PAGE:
Comey hoped that the special counsel would prevent the president or his team from destroying any such tapes, which he believed would verify his version of his conversation with Trump.
Fitzgerald forwarded Comey’s documents to Kelley at 7:35 a.m. May 17, and to Richman at 10:13 a.m. May 17.
But Comey himself sent a digital photograph of one of his memos to Richman on Tuesday, May 16 — the day after the supposed epiphany — and told him to share the contents with the Times. (Read more: The New York Post, 8/30/2019)
June 2015 – February 2017: James Comey’s unpaid, memo leaking “Special Government Employee” – Daniel Richman
“When considering who were the FBI contractors, with special program access to the NSA database, conducting unauthorized searches and extracting results… there’s a specific type of contractor described by FISA Judge Rosemary Collyer. One who was able to work around the security protocols: [Page 21] “systems …. that do not interface with NSA’s query audit system“.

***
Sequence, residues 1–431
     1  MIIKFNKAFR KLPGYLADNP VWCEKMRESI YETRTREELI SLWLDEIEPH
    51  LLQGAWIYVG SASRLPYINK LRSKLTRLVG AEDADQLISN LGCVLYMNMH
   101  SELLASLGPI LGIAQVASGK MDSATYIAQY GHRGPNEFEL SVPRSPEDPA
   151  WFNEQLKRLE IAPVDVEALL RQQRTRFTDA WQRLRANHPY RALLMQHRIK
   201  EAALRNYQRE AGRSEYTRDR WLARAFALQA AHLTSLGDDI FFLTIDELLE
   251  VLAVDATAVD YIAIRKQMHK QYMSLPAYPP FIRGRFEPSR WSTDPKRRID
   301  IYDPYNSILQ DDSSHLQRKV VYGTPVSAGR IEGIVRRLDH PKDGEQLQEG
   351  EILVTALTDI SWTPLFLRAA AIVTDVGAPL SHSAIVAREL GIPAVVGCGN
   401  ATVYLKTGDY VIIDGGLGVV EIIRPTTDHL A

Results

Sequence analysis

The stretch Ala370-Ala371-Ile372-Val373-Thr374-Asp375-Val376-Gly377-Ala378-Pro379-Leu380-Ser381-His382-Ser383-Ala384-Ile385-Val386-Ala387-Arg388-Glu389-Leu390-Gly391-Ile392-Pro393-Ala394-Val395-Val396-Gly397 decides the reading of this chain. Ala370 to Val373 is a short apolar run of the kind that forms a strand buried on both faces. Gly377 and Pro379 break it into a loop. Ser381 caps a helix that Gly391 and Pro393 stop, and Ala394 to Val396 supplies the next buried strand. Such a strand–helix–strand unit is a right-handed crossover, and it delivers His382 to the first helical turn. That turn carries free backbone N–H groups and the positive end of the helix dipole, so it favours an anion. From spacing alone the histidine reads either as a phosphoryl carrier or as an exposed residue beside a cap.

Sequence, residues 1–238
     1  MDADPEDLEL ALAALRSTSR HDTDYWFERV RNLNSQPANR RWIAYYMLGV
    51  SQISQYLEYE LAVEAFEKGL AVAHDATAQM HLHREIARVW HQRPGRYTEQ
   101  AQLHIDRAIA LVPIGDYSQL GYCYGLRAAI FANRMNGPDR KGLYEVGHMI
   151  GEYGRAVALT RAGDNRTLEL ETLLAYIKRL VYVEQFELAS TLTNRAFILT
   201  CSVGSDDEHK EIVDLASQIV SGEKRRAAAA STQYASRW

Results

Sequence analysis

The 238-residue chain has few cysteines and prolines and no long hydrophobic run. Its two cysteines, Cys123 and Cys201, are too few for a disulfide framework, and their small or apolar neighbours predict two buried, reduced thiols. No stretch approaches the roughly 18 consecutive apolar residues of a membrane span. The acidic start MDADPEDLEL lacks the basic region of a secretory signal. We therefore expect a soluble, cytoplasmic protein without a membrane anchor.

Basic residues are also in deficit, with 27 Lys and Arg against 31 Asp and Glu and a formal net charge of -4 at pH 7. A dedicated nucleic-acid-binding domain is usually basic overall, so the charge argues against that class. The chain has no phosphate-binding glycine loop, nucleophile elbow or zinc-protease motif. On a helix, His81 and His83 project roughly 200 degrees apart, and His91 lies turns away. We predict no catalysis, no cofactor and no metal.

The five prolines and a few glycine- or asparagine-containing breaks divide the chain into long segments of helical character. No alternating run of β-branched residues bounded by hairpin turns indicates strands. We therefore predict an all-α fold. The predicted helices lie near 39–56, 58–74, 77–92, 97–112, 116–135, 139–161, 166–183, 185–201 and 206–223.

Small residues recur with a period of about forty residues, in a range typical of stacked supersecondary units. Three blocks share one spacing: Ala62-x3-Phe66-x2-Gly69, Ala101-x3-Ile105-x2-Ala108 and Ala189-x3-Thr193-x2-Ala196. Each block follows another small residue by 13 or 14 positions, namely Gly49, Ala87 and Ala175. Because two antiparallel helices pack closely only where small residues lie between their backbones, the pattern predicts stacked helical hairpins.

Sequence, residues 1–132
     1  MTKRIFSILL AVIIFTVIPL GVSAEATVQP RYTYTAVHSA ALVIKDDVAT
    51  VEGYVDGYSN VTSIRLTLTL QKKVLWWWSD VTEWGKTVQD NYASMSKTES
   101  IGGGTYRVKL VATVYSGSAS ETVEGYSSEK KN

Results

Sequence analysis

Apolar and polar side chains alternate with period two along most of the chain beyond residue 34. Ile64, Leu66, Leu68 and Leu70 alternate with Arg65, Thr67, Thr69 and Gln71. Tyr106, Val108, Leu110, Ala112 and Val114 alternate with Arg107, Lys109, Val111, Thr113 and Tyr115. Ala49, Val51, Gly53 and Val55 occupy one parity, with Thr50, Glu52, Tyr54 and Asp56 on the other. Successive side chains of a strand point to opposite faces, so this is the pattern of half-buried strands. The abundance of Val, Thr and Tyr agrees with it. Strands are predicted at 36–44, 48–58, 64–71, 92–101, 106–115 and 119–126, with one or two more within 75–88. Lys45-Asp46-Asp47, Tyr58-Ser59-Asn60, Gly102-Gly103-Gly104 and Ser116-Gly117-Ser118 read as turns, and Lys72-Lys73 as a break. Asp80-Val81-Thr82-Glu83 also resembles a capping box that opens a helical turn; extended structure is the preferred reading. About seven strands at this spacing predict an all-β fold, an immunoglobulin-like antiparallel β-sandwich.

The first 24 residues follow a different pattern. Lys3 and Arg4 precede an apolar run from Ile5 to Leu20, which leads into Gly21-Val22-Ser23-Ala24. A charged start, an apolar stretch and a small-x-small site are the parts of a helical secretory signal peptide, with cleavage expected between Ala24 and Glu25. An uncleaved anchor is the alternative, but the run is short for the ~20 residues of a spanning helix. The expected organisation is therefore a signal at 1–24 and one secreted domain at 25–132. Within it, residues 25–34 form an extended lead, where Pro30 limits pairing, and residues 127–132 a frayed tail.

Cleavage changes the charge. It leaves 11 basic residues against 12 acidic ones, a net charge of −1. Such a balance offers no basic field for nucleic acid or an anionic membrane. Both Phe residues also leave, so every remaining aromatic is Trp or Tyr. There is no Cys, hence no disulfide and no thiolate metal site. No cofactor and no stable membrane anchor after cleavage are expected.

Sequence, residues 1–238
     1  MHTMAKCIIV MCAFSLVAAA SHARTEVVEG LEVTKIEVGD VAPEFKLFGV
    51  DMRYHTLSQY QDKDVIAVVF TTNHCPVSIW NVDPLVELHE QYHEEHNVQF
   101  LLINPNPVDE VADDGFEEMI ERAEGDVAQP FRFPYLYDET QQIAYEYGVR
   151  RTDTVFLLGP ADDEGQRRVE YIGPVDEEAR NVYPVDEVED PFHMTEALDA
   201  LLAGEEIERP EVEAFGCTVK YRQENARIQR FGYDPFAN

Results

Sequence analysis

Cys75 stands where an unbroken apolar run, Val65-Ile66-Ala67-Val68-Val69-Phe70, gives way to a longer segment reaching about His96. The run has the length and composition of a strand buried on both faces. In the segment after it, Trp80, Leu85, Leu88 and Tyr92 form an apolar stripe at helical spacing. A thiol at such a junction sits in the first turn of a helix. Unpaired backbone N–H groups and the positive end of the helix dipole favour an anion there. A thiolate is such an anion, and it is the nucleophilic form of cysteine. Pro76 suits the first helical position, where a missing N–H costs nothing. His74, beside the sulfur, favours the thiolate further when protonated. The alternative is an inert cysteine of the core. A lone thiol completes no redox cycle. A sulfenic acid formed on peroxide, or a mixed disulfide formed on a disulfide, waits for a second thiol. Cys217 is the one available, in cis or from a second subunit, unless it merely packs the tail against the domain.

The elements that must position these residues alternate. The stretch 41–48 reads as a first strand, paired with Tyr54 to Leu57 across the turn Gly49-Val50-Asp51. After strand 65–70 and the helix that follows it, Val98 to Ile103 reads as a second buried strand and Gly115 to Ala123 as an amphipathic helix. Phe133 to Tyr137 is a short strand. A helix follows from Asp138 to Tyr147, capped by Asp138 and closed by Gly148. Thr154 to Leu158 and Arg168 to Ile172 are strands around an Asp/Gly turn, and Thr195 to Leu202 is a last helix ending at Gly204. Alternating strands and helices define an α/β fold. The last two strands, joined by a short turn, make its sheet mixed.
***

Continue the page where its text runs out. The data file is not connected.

In 2018 congressman Jim Jordan made mention of an issue where James Comey had a special employee on assignment ‘off-the-books’. People started asking questions and Fox News Catherine Herridge detailed how Daniel Richman held special access privileges to the FBI, as an outcome of former FBI Director James Comey authorizing his friend as a “Special Government Employee” or SGE.
(VIA FOX) […] The professor, Daniel Richman, confirmed the special status in response to an inquiry from Fox News, while referring other questions, including on the scope of his work, to the FBI.
“I did indeed have SGE status with the Bureau (for no pay),” Richman wrote in an email.